020. Betting on Web 2.0: High Stakes Blogging
My trip to Silicon Valley for the Web 2.0 Summit in November 2006 ends with a poker game in Atherton. Meanwhile, Time Magazine names us all 'Person of the Year.'
Poker night at Mike Arrington’s house, November 2006: Mike Cannon-Brookes, Cameron Reilly, me; photo by Chris Saad.
This post completes Chapter 6 of my serialized book, Bubble Blog: From Outsider to Insider in Silicon Valley’s Web 2.0 Revolution. To view the table of contents, check the Roadmap.
On Friday I made my way from San Francisco to the TechCrunch ranch in Atherton, about forty-five minutes south down the 101. Mike was as busy as usual. I brought up the RWW Research idea that I’d chatted to my friend Fergus about, but he was too absorbed in his own expansion plans to care. Simply put, he was on a different level now. He was at the epicenter of the Silicon Valley startup scene, rather than skirting the periphery like me. A recent Wall Street Journal article had called Mike a “power broker” in the industry and quoted him as saying, “I want more page views than CNET in two years.”
“TechCrunch Site Makes Arrington A Power Broker,” The Wall St Journal, November 3, 2006
The article was written partly in response to Mike’s recent post on CrunchNotes, his personal blog, in which he vigorously defended himself from accusations of conflicts of interest. “Techcrunch is all about insider information and conflicts of interest,” he’d written. “The only way I get access to the information I do is because these entrepreneurs and venture capitalists are my friends.”
One of his friends was a twenty-six-year-old Australian entrepreneur, Nik Cubrilovic, who was staying with Mike when I arrived that Friday. Nik ran an online storage startup called Omnidrive and in his spare time wrote guest posts for TechCrunch. Nik was friendly and charismatic, although over the next couple of years Omnidrive would run into financial difficulties (and eventually fail altogether) and he would fall out with some of his fellow Australian entrepreneurs—one of whom said he invested $100,000 and lost it all. None of this was apparent in November 2006, though. Nik just seemed like a smart, ambitious young guy. I also noted that Mike relied on him to provide technical support and give him background information about the startups he wrote about—similar to what Fred Oliveira did for him the previous year.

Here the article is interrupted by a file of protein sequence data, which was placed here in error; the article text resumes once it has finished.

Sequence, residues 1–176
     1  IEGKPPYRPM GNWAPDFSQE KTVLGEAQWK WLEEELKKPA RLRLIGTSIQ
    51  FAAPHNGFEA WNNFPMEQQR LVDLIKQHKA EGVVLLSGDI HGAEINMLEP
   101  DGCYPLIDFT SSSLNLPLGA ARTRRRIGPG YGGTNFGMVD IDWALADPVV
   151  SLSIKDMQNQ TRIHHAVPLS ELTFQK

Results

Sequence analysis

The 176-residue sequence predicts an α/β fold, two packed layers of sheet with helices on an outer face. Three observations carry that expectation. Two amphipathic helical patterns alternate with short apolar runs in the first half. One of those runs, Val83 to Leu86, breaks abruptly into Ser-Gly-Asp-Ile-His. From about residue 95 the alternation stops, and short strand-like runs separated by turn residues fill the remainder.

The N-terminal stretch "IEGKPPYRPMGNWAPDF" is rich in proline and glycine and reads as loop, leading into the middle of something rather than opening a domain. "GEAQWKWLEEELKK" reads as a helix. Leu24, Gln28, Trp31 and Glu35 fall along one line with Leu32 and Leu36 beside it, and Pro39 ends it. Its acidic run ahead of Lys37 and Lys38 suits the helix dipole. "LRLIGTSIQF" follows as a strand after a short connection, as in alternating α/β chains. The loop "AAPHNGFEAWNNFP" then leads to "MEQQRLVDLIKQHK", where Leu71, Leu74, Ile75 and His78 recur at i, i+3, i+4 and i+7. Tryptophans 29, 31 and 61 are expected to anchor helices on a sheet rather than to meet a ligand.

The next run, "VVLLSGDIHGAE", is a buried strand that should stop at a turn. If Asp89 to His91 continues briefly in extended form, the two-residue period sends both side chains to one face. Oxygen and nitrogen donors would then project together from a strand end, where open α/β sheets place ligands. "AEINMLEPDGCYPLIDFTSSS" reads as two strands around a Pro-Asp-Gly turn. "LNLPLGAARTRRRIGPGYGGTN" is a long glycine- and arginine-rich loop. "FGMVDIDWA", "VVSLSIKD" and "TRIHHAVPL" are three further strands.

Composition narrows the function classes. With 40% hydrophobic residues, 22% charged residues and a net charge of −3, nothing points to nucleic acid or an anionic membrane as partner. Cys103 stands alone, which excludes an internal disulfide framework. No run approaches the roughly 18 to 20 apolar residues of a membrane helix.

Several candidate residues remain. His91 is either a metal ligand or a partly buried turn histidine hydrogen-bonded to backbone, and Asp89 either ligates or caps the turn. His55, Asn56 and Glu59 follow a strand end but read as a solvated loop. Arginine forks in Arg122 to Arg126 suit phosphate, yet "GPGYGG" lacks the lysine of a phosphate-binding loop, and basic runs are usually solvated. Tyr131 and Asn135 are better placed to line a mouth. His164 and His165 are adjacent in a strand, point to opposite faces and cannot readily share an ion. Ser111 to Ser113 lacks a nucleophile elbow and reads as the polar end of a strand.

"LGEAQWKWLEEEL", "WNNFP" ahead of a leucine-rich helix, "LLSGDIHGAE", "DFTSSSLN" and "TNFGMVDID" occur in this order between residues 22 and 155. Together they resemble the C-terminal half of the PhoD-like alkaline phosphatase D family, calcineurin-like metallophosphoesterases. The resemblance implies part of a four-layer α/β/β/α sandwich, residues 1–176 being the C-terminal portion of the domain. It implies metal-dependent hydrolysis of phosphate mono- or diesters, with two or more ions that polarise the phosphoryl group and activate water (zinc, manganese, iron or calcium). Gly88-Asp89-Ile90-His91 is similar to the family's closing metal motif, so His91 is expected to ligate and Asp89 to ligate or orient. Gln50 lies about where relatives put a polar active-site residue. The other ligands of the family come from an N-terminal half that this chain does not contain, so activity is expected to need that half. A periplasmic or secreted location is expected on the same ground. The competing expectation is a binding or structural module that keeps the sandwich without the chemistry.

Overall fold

After I arrived at Mike’s place, Nik added me to an email thread with a bunch of Australian entrepreneurs about a gathering he was organizing for Saturday. Among the people on the thread were Mike Cannon-Brookes (a founder of Atlassian and future billionaire), Marty Wells (founder of Tangler, which I had done some analysis work for), Mick Liubinskas (a Sydney native who worked for Tangler), Chris Saad (a smart product guy who was also active in web standards work), and Cameron Reilly (a Brisbane native who ran a podcast network).
OG podcaster Cameron Reilly talking my ear off, Nov 2006. Photo by Ouriel Ohayon.
We all met up on Saturday afternoon, at Coupa Café on Ramona Street in Palo Alto. The shop talk about startups and the Web 2.0 Summit soon turned to planning a game of poker. Marty purchased four hundred candy poker chips, we stocked up on alcoholic refreshments, and then we drove back to Mike’s house in Atherton.
It was a memorable night, at least for those of us who didn’t drink bourbon straight from a tall glass; I’ll refrain from mentioning who that was, but he apparently threw up in Marty’s car on the way back to San Francisco. Throughout the night there was a lot of bad singing and terrible jokes, and even some dog wrestling (poor Laguna). The poker game itself was played mostly for laughs, although the two Mikes—Cannon-Brookes and Arrington—became increasingly competitive with each other as the evening progressed. I was content to have fun with the cards and enjoy the geek male bonding; most of the others were similarly inclined. Cameron, who was sat next to me, occasionally poked fun at me for being a New Zealander and was generally a hard-ass at the table.
For part of the night, I was cleaning up! But it didn’t last (story of my career); from left to right: Nik Cubrilovic, Mike Cannon-Brookes, Cameron Reilly, me, Mick Liubinskas; photo by Chris Saad.
I don’t remember who won the poker game, or if there even was a winner, but we ended the night playing liar’s dice—a game that involved trying to pick who is bluffing. This ended with a Mike vs. Mike duel. Despite his long, wavy hair and Aussie bloke persona (most sentences began with the word mate), it became clear that Cannon-Brookes had an ultracompetitive streak. He was still in his twenties at this point but was already building tremendous value with Atlassian. It would eventually IPO on the NASDAQ at the end of 2015, which made Cannon-Brookes and cofounder Scott Farquhar Australia’s first tech-startup billionaires. He was pretty good at card and dice games too.